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Section 11

11. Passing to Quantity and the quantum, we have to consider the view which identifies them with number and magnitude on the ground that everything quantitative is numbered among Sensible things or rated by the extension of its substrate: we are here, of course, discussing not Quantity in isolation, but that which causes a piece of wood to be three yards long and gives the five in "five horses,"

Now we have often maintained that number and magnitude are to be regarded as the only true quantities, and that Space and Time have no right to be conceived as quantitative: Time as the measure of Motion should be assigned to Relation, while Space, being that which circumscribes Body, is also a relative and falls under the same category; though continuous, it is, like Motion, not included in Quantity.

On the other hand, why do we not find in the category of Quantity "great" and "small"? It is some kind of Quantity which gives greatness to the great; greatness is not a relative, though greater and smaller are relatives, since these, like doubleness, imply an external correlative.

What is it, then, which makes a mountain small and a grain of millet large? Surely, in the first place, "small" is equivalent to "smaller." It is admitted that the term is applied only to things of the same kind, and from this admission we may infer that the mountain is "smaller" rather than "small," and that the grain of millet is not large in any absolute sense but large for a grain of millet. In other words, since the comparison is between things of the same kind, the natural predicate would be a comparative.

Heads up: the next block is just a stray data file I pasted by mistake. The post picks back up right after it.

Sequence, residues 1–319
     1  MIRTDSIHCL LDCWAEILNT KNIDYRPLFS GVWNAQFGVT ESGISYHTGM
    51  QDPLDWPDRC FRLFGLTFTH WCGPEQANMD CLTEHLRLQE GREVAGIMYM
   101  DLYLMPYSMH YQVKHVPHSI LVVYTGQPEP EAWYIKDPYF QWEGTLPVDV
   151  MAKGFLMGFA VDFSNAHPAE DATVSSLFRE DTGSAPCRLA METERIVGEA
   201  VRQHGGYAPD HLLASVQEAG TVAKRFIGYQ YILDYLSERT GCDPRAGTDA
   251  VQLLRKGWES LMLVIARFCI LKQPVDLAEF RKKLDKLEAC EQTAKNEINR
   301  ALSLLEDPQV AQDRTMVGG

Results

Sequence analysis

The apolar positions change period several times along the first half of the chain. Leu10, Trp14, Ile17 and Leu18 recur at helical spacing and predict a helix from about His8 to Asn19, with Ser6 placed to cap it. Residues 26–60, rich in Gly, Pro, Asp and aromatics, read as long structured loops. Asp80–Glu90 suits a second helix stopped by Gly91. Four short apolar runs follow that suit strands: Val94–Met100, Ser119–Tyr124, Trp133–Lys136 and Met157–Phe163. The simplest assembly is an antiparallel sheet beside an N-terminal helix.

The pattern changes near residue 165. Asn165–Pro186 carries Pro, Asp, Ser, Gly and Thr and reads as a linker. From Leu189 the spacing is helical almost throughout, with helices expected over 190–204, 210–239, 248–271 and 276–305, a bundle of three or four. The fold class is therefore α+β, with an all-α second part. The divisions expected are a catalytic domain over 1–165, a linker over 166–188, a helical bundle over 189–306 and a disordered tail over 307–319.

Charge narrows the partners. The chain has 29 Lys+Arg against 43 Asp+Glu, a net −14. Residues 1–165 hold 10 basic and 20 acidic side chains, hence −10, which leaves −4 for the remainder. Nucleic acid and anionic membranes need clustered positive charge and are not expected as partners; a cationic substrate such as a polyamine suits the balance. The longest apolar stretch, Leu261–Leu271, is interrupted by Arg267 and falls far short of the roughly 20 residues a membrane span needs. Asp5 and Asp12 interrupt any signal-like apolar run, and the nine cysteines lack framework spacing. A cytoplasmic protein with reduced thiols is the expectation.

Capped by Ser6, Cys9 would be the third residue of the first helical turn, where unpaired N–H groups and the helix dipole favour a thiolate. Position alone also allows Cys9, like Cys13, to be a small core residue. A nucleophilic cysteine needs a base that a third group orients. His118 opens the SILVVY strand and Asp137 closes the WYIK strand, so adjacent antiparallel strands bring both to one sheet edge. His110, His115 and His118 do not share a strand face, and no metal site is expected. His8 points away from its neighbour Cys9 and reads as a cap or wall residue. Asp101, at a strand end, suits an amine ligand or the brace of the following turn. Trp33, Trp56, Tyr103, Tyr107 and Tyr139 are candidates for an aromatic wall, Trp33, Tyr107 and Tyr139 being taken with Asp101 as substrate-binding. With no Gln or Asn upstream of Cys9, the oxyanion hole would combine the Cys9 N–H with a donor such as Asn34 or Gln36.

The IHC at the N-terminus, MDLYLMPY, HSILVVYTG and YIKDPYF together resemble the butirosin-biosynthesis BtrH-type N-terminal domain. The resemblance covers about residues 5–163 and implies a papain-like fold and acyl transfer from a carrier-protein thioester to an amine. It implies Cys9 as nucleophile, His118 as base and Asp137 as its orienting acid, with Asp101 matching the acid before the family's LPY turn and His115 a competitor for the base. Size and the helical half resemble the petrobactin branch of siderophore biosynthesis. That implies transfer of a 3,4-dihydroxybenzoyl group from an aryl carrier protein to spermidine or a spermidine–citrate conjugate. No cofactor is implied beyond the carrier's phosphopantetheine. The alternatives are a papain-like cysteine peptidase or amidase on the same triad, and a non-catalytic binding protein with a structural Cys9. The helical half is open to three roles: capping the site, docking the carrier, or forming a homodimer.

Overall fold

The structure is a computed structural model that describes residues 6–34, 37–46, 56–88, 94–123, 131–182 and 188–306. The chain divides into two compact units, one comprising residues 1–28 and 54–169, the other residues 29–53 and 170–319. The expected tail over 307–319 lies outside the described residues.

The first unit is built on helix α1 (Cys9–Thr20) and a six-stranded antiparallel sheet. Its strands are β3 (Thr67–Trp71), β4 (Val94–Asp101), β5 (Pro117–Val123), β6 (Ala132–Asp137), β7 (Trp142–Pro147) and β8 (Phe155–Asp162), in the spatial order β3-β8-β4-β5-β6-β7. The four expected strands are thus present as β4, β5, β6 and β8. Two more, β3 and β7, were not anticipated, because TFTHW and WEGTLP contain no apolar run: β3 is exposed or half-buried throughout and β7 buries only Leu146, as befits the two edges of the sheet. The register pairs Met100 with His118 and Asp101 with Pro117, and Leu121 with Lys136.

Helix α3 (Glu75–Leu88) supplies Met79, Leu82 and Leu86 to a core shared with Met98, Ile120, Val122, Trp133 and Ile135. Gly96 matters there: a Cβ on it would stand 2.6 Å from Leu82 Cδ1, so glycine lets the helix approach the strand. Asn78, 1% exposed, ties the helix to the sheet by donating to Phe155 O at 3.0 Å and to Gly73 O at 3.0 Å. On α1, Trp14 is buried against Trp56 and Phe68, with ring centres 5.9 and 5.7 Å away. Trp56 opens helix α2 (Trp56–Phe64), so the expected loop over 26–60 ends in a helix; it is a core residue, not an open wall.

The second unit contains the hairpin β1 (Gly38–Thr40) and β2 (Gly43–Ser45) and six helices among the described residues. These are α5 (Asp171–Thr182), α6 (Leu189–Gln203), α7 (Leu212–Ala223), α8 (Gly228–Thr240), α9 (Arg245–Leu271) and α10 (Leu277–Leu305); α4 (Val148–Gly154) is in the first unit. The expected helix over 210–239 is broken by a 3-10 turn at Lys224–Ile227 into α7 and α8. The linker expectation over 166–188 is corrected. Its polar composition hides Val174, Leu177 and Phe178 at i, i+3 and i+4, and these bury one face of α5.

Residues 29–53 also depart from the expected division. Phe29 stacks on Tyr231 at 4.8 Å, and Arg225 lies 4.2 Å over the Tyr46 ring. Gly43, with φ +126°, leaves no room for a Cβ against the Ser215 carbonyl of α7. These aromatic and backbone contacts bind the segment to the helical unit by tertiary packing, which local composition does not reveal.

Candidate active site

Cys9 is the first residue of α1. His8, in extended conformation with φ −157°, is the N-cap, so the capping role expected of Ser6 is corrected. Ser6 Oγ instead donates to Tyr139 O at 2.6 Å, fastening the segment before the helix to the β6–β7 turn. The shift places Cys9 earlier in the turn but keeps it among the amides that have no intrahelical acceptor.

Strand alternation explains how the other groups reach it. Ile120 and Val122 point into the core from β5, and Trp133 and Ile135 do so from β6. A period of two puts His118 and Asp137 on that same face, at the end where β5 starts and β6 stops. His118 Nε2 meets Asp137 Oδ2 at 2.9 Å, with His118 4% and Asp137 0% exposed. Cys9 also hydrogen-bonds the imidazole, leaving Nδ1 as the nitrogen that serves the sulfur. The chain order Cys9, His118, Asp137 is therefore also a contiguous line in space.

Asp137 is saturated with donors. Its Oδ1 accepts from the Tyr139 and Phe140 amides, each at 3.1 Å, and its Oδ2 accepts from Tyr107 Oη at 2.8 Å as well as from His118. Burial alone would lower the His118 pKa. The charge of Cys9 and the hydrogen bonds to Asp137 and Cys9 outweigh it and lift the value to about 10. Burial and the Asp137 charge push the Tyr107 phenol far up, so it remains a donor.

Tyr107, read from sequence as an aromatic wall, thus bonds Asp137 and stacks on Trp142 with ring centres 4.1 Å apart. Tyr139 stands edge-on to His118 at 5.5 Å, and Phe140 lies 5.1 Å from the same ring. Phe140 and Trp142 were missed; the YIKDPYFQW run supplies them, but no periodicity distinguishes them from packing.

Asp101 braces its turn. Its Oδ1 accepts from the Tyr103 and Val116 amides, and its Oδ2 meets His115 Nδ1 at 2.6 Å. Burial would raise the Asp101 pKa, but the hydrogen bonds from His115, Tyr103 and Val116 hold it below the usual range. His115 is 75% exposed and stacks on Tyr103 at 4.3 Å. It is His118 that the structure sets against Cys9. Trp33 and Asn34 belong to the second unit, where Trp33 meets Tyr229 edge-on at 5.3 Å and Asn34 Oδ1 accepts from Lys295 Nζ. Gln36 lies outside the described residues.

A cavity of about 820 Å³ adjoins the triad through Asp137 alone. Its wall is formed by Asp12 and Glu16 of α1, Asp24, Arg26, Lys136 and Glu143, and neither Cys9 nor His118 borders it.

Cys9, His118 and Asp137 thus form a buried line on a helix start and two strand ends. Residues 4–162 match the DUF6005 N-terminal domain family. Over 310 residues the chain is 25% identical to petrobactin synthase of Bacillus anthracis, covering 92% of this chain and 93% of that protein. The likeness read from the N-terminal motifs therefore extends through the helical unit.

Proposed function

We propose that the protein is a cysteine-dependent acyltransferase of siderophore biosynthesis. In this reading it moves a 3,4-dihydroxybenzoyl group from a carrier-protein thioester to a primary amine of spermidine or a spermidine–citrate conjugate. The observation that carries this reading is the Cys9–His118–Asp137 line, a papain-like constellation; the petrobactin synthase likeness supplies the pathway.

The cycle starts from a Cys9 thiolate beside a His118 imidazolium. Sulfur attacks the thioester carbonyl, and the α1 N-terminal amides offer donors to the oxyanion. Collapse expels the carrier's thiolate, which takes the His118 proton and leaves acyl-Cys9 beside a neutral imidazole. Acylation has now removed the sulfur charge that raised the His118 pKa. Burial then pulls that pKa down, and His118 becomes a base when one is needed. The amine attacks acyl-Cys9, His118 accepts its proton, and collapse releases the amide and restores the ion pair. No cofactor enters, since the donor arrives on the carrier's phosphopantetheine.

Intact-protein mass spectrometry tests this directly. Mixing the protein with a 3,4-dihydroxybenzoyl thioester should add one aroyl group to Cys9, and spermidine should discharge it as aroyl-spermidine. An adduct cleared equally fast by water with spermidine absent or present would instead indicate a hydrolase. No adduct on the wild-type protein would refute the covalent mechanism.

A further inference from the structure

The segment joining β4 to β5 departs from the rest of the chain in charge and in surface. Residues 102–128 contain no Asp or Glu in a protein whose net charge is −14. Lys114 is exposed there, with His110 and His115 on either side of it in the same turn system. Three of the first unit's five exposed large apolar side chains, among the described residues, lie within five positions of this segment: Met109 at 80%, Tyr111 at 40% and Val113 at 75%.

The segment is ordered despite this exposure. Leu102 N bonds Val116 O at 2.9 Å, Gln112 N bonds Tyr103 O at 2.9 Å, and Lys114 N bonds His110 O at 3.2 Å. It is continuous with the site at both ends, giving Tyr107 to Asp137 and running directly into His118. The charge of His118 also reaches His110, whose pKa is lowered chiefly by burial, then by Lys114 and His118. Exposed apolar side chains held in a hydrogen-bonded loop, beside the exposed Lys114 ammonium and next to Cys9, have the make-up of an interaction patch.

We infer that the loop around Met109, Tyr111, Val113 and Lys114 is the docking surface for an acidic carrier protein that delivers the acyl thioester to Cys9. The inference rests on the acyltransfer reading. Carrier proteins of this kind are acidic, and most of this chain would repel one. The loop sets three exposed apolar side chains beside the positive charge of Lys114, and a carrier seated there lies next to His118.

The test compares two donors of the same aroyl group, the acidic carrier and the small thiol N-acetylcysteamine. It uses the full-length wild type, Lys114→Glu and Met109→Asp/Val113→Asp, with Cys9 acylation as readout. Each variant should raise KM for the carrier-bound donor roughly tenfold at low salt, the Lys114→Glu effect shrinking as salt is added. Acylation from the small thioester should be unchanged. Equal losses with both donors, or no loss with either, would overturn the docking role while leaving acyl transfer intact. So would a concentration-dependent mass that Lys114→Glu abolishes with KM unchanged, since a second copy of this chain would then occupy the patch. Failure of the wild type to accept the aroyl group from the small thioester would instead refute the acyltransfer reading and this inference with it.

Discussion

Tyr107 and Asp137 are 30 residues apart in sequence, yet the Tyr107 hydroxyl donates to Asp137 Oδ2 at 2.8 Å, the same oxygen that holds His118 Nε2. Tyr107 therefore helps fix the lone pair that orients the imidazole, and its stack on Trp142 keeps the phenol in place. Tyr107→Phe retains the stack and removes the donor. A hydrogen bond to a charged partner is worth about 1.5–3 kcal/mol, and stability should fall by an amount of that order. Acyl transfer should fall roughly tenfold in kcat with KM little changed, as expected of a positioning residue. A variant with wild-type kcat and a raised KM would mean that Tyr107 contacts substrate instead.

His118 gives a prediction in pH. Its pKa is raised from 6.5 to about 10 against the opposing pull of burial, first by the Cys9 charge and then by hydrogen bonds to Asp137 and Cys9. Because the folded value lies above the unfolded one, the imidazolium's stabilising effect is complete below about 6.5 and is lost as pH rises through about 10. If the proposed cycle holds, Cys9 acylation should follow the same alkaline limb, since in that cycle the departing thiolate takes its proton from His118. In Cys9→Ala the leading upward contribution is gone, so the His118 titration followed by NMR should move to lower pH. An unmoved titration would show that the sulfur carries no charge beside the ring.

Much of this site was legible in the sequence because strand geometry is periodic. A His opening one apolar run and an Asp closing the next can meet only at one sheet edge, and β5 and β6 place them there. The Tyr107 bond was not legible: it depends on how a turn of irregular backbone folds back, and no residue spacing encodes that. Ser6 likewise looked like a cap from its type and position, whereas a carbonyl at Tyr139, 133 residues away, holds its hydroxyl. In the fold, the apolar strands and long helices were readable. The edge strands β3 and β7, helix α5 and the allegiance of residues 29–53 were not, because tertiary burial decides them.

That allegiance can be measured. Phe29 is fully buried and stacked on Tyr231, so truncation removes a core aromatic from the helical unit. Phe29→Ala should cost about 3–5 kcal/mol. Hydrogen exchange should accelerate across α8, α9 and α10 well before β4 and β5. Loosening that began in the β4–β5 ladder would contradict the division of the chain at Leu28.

Again, why is not beauty classed as a relative? Beauty, unlike greatness, we regard as absolute and as a quality; "more beautiful" is the relative. Yet even the term "beautiful" may be attached to something which in a given relation may appear ugly: the beauty of man, for example, is ugliness when compared with that of the gods; "the most beautiful of monkeys," we may quote, "is ugly in comparison with any other type." Nonetheless, a thing is beautiful in itself; as related to something else it is either more or less beautiful.

Similarly, an object is great in itself, and its greatness is due, not to any external, but to its own participation in the Absolute Great.

Are we actually to eliminate the beautiful on the pretext that there is a more beautiful? No more then must we eliminate the great because of the greater: the greater can obviously have no existence whatever apart from the great, just as the more beautiful can have no existence without the beautiful.

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